The day I met Paulina, from Russia, I was just leaving the V&A. It feels like another lifetime ago, but it was just maybe two weeks - maybe less - during that glorious heat wave. One of those perfect, blissful, cinematic days, and I was alone so I could write. I had to plan to be alone. But I wasn't alone: I was just surrounded by all these happy beings. I want to show you what it was like, but I'll save that for another post.
This one is all about the girl in the white lace go go boots.
Just as I was leaving, at the entrance to the courtyard, I saw her boots first. They're white cotton stiff but soft looking crochet'd lace. The shape felt so iconically Sixties: Go Go boots. That's a shape and silhouette I haven't seen much of - it's almost like Uggs have temporarily ruined the shape for us - but it just looks so great with bare legs or, in winter, tights and short sixties shaped dresses.
Paulina told me she got them in China - Beijing - really cheap, and she doesn't know the brand. I've looked online and can't find them anywhere. We were both going in opposite directions and I didn't even ask where she got her dress, and I know most of you are thinking only in terms of jumpers, coats, warm layers, but right after this, I saw the Marc Jacobs/Louis Vuitton Paris show, or rather, I should say, when I was visiting my good friend Barbara Clapham, who is 98, and she told me about the 'all white show' I then looked it up. It so captured my imagination and is everything I"m obsessed with at the moment: I love that large scale lace motif, in interior design, in everything. It's probably my favourite show that I haven't seen.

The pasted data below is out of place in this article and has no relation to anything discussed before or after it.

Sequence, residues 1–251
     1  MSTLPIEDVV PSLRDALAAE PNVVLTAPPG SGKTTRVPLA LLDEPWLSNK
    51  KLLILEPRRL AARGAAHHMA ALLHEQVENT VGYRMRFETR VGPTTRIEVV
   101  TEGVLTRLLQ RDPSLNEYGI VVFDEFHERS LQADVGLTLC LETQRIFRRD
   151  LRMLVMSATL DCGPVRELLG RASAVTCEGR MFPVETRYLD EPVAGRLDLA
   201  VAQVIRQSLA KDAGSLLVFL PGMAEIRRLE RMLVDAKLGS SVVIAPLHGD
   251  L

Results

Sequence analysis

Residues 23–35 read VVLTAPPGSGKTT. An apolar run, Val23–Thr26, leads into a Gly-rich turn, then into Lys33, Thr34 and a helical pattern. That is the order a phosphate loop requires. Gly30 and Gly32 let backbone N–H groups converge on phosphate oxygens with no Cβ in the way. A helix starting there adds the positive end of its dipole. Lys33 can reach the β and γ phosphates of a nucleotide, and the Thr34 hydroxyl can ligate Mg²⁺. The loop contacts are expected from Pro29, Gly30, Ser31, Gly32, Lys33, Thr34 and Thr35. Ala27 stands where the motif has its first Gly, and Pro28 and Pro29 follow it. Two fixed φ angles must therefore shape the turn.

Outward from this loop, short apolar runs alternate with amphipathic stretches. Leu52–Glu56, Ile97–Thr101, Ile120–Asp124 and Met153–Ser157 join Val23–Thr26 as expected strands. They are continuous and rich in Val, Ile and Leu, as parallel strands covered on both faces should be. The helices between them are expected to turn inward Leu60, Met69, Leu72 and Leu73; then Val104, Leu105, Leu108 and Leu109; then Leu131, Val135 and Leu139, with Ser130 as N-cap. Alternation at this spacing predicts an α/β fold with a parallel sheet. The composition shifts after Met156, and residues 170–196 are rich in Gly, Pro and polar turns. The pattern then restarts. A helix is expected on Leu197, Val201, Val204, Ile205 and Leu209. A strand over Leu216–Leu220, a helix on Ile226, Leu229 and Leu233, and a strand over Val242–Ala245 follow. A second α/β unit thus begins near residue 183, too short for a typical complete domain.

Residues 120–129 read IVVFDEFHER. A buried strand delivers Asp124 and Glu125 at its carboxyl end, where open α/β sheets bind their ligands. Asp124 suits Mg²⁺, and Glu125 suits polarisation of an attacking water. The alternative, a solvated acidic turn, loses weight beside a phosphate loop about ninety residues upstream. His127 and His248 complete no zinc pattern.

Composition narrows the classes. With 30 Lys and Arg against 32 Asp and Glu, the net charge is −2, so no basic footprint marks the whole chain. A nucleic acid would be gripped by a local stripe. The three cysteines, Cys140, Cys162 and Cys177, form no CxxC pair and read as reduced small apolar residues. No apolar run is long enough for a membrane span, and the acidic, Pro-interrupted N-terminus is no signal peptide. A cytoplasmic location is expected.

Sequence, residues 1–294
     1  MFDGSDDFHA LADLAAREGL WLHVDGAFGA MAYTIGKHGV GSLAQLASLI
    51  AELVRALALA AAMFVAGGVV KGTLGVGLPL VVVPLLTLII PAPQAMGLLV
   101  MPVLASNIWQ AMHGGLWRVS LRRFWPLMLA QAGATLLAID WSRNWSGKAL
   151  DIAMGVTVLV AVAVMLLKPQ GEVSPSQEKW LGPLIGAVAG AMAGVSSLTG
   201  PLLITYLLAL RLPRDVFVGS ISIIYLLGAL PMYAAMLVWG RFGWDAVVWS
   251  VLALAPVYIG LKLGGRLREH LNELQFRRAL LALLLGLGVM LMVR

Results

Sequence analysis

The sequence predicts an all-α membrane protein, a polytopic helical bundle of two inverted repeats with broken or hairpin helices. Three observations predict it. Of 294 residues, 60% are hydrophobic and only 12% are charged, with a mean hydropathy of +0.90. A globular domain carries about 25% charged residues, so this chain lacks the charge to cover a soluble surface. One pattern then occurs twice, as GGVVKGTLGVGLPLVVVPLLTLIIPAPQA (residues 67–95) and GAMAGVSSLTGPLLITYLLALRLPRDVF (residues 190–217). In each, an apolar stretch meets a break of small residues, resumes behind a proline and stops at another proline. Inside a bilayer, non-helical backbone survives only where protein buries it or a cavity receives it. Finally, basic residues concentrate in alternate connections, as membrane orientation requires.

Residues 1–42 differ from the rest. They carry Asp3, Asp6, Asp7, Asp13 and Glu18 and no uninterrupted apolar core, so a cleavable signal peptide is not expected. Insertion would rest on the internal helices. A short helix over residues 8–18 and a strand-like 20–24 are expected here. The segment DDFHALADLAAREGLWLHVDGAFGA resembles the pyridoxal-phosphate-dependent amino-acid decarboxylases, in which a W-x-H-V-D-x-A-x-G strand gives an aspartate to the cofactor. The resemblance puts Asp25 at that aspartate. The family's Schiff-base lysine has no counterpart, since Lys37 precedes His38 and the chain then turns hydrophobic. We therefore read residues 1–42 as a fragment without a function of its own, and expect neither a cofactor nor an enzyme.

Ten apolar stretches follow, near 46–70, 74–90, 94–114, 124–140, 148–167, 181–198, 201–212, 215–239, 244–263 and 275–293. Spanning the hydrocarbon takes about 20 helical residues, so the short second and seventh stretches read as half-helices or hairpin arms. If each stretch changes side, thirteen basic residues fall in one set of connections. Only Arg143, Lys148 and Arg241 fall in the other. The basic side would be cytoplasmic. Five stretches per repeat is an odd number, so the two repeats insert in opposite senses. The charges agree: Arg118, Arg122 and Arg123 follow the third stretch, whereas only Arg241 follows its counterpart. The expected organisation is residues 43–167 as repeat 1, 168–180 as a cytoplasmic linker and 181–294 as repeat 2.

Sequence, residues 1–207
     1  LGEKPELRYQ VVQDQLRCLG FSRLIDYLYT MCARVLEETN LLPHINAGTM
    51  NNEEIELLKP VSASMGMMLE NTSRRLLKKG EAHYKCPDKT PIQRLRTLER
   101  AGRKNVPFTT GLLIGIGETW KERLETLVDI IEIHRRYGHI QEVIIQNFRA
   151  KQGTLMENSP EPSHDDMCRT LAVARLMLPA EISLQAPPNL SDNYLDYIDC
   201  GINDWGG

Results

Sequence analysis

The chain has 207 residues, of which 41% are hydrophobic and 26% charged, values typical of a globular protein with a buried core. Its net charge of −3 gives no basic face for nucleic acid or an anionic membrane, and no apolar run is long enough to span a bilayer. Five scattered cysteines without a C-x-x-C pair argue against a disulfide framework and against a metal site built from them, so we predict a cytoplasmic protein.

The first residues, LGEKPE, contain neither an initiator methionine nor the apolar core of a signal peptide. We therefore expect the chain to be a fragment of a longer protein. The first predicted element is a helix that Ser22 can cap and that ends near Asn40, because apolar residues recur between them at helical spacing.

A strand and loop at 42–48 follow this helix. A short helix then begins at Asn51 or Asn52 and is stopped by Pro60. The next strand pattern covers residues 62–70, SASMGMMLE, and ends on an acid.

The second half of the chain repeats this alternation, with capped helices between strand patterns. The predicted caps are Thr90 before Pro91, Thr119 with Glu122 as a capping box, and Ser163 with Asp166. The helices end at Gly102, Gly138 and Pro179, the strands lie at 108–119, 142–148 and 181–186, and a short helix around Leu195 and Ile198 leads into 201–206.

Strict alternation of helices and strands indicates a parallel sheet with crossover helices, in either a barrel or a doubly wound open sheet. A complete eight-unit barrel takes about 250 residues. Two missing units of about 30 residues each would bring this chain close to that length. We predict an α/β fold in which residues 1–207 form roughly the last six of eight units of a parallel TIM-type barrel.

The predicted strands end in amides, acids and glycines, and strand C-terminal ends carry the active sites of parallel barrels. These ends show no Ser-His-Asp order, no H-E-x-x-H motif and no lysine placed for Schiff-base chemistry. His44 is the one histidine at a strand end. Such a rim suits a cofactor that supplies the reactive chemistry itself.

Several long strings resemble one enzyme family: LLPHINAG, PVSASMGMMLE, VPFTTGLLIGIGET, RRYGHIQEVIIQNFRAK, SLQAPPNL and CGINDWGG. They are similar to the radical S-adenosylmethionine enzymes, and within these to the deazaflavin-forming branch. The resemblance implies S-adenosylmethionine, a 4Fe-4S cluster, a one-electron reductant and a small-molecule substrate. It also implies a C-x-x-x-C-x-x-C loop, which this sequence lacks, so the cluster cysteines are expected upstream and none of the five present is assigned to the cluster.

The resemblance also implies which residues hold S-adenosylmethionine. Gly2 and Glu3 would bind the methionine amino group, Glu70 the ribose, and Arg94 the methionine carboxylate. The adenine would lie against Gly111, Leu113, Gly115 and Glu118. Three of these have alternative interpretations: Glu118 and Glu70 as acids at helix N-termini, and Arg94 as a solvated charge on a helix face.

I've just discovered, (thank you, wikipedia), that the term 'go-go boots' is derived from the French expression à gogo, meaning "in abundance, galore", which is in turn derived from the ancient French word la gogue for "joy, happiness". Which brings this post, shot in London, of a girl from Russia, with boots from Beijing, full circle to Paris, where an American recently did a catwalk show. With an abundance of happiness, and joy.
And there's not more that you can say, really, can you?